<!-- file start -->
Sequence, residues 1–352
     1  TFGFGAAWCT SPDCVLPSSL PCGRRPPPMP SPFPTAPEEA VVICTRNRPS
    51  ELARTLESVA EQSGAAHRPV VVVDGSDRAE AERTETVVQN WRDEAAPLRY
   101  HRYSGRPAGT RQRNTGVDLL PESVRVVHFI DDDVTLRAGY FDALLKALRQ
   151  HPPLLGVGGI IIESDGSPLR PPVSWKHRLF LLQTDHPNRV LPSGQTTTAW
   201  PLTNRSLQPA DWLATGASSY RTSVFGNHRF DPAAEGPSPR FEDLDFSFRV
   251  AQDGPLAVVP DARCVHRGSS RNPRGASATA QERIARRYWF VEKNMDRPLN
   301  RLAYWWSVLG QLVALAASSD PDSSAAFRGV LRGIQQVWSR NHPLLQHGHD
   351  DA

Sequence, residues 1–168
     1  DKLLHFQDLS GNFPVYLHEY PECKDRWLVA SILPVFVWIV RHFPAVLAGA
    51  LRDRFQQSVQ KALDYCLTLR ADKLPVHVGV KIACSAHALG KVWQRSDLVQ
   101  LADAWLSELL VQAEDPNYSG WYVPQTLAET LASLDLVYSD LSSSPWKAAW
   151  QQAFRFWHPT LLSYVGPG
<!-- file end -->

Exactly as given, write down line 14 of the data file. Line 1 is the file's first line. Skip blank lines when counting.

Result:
   151  QQAFRFWHPT LLSYVGPG